I see no reason why the arhtiyas should complain. After all, as per a study done by Punjab Agricultural University, the 20,000-odd arhtiyas in Punjab annually get roughly Rs 1,000-crores for practically doing nothing. They are paid a commission of almost two per cent for undertaking procurement operations on behalf of FCI. The SAD government had lobbied hard with the centre for not allowing the FCI to make direct payment to farmers instead.

To say that the lender will issue a passbook to the loanee, which has to be duly filled to enable the debt forums to speedily decide a case is easier said than done. Since most transactions are in an informal format, it is futile to expect that the passbook will contain genuine details. Farmers, tenant farmers and farm labourers have a very close working relationship with arhtiyas and it will be practically difficult for them to disrupt the association by making a counter-claim before the forums.

Secondly, the bill is quiet on the recovery mechanism. To state: “recovery of the loan will be on a par with the decree passed by civil courts” is a simple attempt to bypass the most contentious of the recovery provisions. A majority of the farmers take to suicides not because of their inability to pay back in time but are unable to withstand the humiliation that comes in the name of loan recovery. 

Like the much publicized recent Tamil Nadu case where police thrashed a farmer and snatched his tractor by way of recovery, such instances are aplenty in Punjab. In many cases, moneylenders have taken control of land belonging to a farmer failing his inability to repay loan. Confiscating movable property, including tractor and farm equipment, is a usual practice.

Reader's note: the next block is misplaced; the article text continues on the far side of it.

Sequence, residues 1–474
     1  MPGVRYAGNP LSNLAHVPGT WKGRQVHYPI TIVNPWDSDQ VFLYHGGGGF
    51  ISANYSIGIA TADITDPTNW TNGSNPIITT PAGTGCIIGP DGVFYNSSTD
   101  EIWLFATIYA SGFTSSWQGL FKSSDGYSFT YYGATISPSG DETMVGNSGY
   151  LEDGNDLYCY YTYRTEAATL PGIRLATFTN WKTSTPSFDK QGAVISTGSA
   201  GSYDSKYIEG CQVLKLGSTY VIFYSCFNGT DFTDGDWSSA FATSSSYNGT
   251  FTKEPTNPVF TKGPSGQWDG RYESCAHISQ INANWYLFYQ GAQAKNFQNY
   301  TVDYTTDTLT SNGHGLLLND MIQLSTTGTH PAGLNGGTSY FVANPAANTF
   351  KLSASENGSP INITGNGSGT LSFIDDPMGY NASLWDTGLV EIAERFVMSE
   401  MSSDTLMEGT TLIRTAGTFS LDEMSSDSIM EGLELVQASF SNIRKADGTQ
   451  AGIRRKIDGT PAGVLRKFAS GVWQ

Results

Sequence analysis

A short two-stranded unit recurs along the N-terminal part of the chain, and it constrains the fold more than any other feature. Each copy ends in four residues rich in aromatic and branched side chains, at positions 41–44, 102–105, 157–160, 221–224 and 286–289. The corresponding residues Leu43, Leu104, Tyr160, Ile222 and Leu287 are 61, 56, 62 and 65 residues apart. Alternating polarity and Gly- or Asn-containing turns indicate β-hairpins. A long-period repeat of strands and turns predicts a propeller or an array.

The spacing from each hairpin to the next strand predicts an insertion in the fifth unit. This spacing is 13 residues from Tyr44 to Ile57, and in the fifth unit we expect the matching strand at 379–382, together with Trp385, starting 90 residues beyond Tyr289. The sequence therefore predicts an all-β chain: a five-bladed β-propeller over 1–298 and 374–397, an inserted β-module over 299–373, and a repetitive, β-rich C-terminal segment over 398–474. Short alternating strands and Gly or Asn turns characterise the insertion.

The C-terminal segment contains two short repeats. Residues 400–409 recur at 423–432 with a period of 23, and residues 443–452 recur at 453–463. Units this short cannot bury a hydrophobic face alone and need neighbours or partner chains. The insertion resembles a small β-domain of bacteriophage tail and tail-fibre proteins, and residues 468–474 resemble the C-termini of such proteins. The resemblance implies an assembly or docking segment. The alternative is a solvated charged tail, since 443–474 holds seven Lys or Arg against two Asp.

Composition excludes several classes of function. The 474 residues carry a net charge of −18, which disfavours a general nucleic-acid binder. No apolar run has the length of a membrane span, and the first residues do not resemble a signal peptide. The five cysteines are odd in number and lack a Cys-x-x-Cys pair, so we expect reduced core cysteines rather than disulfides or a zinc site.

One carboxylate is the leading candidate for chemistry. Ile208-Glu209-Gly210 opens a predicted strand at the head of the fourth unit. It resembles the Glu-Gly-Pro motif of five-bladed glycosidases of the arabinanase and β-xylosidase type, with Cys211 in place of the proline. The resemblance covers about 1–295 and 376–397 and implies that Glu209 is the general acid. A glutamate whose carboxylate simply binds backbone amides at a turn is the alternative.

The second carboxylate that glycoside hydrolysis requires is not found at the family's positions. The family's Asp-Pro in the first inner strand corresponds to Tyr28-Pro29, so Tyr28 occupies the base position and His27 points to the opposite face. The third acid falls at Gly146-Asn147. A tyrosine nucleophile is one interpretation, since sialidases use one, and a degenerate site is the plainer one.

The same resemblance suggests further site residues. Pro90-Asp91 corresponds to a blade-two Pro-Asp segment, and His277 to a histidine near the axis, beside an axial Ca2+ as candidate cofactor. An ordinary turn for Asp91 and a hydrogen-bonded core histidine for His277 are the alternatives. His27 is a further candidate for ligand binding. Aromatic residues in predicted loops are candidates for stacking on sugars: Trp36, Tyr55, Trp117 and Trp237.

I see no reason why the bill couldn’t have made it illegal for the creditors to seize movable and immovable assets belonging to a farmer. It should only be left to the state tribunal to take a final call on that. After all, till the time Vijay Mallya was declared a willful defaulter, the banks did not auction his mortgaged property. In the case of farm recovery also, till the time the state tribunal declares a loanee a willful defaulter his property/assets should not be seized. I have seen even the Micro-finance Institutions (MFIs) recovering loans (or seizing assets) literally over dead bodies. In Andhra Pradesh, many widows whose husband had committed suicide gave horrifying details of how the MFI agents had forced them not to cremate the dead body till the weekly installment was paid. 

Making it illegal for the creditors to seize the assets of a farmer who has defaulted will be a significant step in reducing the spate of farm suicides being witnessed. This step alone is the single most important reform required for non-institutional as well as institutional loans. 

Big Disappointment. Orissa Post. Mar 29, 2016